Wired magazine recently reported how some businesses are using an applicant’s Klout score as a criteria for employment.
Much as Google’s search engine attempts to rank the relevance of every web page, Klout—a three-year-old startup based in San Francisco—is on a mission to rank the influence of every person online. Its algorithms comb through social media data: If you have a public account with Twitter, which makes updates available for anyone to read, you have a Klout score, whether you know it or not (unless you actively opt out on Klout’s website). You can supplement that score by letting Klout link to harder-to-access accounts, like those on Google+, Facebook, or LinkedIn. The scores are calculated using variables that can include number of followers, frequency of updates, the Klout scores of your friends and followers, and the number of likes, retweets, and shares that your updates receive. High-scoring Klout users can qualify for Klout Perks, free goodies from companies hoping to garner some influential praise.
In social media, numbers matter. Facebook Friends, Tweeps, LinkedIn Connections, Google+ Circles, number of Shares / Tweets / Likes, Google Rank, etc., etc.
So what about the person who wants to go “deep”? They are not online simply to broadcast their books or business. They want to genuinely have a conversation, express themselves, and get to know and engage interesting people. To this person, Klout score is incidental.
- Going Wide — Number of Friends / Followers / Contacts
- Going Deep — Quality and Consistency of interaction
But where does this leave people who want to do both?
At some point, a trade-off seems necessary. Either go for a “wide” (yet more impersonal) online influence or go for a “deep” (yet more narrow) one. Opt to try to boost your social media influence or cede it in favor of building more substantial relationships.
The business consultants at Polka Dot Impressions define the difference between going wide and going deep in social media, and the give-and-take, this way:
1. If you go wide, are you willing to let your numbers drop? Going wide in social media means that you will be following, friending, connecting, etc. to more people than have followed, friended, or connected to you. …going wide will drop your numbers, and it’s impossible to read everything that everyone says when you are connected to a wide number of people.
2. If you go deep, are you willing to spend the time? Going deep in social media means that you spend more time on conversations, engagement, and interactions with those to whom you are connected. It means that you are actually reading what they have to say. This is where the real communication comes from, but growth is slower. Your numbers will increase, but they increase slowly – sometimes very slowly. It takes time to build relationships.
3. If you go wide, are you willing to be a small fish in a big pond? If you are reaching out for multiple new connections at once, going wide, you will likely be reaching out to bigger “accounts” and hoping to get noticed.
4. If you go deep, are you willing to talk about others and not yourself for a change? Having online conversations with others requires taking an interest in what they do, too. Going deep into relationships is two-way. You have to put aside your accolades and support others in theirs.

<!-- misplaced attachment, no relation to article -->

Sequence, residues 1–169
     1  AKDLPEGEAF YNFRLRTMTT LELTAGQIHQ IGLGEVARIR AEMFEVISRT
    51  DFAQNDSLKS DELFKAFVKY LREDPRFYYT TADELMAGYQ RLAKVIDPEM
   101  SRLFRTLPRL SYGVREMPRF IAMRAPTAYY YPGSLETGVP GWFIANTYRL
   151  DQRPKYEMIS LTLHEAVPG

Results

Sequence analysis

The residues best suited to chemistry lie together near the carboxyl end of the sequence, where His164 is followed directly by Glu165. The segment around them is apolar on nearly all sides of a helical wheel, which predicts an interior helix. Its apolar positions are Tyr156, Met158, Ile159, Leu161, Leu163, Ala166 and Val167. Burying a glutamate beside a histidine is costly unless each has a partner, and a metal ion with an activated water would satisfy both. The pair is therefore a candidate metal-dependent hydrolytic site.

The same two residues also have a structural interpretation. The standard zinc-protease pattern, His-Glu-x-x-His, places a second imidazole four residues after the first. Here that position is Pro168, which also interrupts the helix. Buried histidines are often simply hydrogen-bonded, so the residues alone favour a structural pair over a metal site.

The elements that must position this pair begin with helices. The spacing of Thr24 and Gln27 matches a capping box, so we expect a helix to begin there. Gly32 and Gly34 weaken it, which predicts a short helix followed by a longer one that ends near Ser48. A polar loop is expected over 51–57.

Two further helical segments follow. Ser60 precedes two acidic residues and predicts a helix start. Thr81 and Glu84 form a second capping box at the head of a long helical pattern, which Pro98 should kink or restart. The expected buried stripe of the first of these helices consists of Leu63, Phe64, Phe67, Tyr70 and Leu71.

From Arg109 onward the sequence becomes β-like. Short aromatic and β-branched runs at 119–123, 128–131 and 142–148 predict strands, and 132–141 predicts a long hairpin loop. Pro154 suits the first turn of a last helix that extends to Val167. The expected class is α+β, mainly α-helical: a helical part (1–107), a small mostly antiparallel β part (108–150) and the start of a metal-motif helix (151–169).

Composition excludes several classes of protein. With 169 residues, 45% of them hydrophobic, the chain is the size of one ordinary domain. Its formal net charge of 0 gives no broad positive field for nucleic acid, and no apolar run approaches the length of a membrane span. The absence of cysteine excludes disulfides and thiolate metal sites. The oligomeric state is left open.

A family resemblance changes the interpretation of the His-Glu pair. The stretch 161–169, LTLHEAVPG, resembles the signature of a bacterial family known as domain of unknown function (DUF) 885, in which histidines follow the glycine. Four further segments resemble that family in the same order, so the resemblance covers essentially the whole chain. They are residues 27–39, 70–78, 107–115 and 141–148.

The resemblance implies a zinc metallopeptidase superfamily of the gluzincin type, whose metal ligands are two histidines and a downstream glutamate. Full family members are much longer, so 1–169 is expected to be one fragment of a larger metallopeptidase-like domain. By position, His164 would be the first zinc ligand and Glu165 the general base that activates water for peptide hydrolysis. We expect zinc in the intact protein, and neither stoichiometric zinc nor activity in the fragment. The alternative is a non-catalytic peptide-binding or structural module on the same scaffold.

The question of Wide v. Deep poses an interesting dilemma for authors. On the one hand,
Writers need to reach MORE people.
On the other hand,
Writers need to REACH more people.
In one sense, the possibility of getting your name (and your book’s) before thousands of people is enticing. However, engaging those readers, connecting with real people, even developing relationships with them, can do wonders for an author. Not to mention, broaden her influence.
Then again, going “deep” with readers could be an incredible drain.
In summarizing the 2009 BEA convention, Janet Grant, literary agent from Books & Such (which also happens to represent me) distilled a workshop she attended entitled “Product Centric Publishing in a Community Centric World” presented by Mike Shatzkin. In What Does the Future Hold? one of the points Janet made was this:
Publishing widely to reach as broad an audience as possible will go away. In its place will be publishing “vertically”– reaching more deeply into a narrower audience.
Later, Janet goes on to summarize and expound on this “vertical publishing” concept:
The two key words to keep in mind as you eye the future are: “vertical” and “community.” You must understand yourself vertically and present yourself vertically (develop a web site designed to reach your community; collect emails from your community; create partnerships vertically). (emphasis mine)
So rather than trying to build a “broad audience,” you should “present yourself vertically,” identify your niche and dig in — develop friendships, support others’ efforts, familiarize yourself with the “language” of the community, and build a fellowship of readers / followers.
It makes a lot of sense, but it raises questions. Ideally, the author needs an online presence that is BOTH wide and DEEP, both HORIZONTAL and VERTICAL. But if having both is impossible, at least very difficult, which one should be chosen over the other?
QUESTION: Should authors aim to have BOTH a wide and a deep social media presence? Should we seek to Follow and Friend as many people as possible AND build relationships / community among these readers? Or is the author better off concentrating on her writing and web presence than trying to go “deep” or “vertical” with her readers?